Police chief asks for sales tax increase to hire officers MONROE - Voters may see a sales tax increase on the August ballot to supplement what Police Chief Tim Quenzer said is a “bare bones” budget for the Police Department.
At the Jan. 22 City Council meeting, Quenzer proposed increasing the sales tax by two-tenths of 1 percent. Although no action was taken by the council, Mayor Robert Zimmerman voiced his support for the increase.
“I’m not normally a tax increase kind of guy, but I’d like to go to the public and ask them if this is a priority they would like to support,” Zimmerman said.
The additional revenue collected from the tax increase would total about $600,000 per year, police spokeswoman Debbie Willis said. The department’s budget in 2008 was $6.2 million and this year it is $5.2 million.
Quenzer said a sales tax increase is more appropriate than a property tax increase because about 75 percent of the calls police respond to come from non-homeowners.
The additional revenue would pay for the rehiring of officers lost over the years, new equipment and badly needed new patrol cars, Willis said.
The Police Department is funded by the city’s general fund and has experienced several reductions over the past few years.
“We’re already operating at bare bones and with minimal staffing,” Quenzer said.
The chief said the department started 2013 with the resignation of one of its officers, and two more officers have given him notice that they may be leaving.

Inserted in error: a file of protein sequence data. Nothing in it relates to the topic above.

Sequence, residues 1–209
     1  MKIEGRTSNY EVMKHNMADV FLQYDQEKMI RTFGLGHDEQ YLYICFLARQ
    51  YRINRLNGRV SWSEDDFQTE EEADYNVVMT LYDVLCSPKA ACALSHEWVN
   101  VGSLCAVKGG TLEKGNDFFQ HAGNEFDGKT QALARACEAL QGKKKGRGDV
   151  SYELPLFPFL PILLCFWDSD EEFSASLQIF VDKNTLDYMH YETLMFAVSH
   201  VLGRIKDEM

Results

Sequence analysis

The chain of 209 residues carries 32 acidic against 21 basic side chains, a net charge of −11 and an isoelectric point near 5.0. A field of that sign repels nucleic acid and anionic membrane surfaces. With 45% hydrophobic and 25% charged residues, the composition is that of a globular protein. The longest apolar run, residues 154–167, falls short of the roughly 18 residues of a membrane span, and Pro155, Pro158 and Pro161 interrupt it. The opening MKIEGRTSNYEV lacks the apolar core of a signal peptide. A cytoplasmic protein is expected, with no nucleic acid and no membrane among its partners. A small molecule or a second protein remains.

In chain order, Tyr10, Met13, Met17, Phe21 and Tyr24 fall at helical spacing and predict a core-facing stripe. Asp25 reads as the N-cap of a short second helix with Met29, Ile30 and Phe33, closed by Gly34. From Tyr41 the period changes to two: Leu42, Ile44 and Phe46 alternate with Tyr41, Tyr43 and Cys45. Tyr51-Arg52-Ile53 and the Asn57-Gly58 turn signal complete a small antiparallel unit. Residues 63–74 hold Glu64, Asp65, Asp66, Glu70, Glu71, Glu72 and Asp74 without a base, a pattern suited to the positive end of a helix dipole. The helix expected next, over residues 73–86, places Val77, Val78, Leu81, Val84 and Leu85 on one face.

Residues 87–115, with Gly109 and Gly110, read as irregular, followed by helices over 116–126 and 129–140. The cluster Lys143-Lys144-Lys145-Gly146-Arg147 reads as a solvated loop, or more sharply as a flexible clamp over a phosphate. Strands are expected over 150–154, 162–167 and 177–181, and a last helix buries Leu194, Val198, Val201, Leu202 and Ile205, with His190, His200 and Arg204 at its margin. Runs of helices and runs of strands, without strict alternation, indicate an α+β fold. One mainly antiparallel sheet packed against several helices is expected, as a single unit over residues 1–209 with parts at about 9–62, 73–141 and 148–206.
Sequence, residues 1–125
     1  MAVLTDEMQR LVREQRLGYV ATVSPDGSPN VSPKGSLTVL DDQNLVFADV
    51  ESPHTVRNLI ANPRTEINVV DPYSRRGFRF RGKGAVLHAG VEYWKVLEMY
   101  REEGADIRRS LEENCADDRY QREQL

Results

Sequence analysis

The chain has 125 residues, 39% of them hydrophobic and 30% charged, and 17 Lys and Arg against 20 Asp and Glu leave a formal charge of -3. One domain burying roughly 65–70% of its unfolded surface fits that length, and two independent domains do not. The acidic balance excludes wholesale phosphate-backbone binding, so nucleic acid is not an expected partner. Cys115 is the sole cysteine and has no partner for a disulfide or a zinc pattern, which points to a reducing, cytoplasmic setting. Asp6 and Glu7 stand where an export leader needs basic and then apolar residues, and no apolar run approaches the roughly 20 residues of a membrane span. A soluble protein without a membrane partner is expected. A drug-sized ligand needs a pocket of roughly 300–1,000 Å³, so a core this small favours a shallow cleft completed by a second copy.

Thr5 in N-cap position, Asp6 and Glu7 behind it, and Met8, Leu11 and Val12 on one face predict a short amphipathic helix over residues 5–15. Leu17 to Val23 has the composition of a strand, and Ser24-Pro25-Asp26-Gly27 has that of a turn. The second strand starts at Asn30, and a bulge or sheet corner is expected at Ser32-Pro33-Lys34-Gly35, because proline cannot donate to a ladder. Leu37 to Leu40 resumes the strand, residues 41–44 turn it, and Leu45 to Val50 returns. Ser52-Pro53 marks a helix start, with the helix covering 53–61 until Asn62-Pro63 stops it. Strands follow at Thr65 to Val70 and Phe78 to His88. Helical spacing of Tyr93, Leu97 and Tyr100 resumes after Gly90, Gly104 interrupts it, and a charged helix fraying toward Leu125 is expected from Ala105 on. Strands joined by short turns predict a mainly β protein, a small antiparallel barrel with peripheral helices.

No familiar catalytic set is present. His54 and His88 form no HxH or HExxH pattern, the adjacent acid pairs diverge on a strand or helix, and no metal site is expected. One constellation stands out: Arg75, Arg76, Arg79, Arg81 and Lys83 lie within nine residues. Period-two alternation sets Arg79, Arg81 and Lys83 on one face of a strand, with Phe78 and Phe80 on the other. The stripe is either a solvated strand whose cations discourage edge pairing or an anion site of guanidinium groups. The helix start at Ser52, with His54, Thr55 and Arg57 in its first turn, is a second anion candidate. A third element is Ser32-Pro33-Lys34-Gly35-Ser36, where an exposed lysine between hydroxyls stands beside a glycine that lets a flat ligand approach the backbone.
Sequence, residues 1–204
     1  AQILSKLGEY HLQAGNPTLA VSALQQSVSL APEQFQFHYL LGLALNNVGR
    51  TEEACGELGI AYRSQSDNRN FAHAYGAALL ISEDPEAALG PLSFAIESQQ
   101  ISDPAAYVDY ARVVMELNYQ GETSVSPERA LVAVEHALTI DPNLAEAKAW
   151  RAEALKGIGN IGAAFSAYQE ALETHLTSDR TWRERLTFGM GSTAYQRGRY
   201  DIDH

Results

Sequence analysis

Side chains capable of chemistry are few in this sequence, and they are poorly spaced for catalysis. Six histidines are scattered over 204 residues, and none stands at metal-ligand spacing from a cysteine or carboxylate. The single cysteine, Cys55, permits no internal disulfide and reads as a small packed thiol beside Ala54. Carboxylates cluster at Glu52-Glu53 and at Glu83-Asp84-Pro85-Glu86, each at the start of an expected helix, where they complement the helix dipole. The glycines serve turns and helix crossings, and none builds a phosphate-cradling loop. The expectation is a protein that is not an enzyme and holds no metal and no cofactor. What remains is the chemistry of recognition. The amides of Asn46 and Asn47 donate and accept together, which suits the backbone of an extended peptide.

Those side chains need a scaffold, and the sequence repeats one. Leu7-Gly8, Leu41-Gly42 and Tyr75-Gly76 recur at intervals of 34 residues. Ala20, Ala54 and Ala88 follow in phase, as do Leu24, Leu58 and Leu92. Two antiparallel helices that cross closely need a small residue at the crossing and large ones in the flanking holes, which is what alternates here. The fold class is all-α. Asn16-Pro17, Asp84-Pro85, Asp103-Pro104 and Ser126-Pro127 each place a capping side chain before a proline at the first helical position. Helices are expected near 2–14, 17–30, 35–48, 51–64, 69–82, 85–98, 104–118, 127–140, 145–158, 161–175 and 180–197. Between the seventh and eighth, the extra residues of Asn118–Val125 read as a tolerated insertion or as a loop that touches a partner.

The department is down six officers since 2008, when the department had 37. The department currently employs 31 officers.
Working with fewer officers, Quenzer said, reduces call response times and puts a financial burden on the department because officers are expensive to replace.
New hire uniforms, first year salary and benefits, training a new officer and putting them through the police academy costs the department about $100,000 per officer, Willis said.
After pay increases, officers could make around $90,000 a year with benefits, Willis said.
Zimmerman said he would be willing to support the tax should it be approved for the ballot. The City Council must vote to place the measure on the ballot.
“The chief and the department need to be commended for responding to the needs of the community even though our staffing level on the street is lower than it was in 2008 or 2009,” Zimmerman said. “It’s a testament to the capable men and women we have in the department and the job they do. I think that the chief and I, our desires for public safety meet the needs of our community to prevent things before they happen.”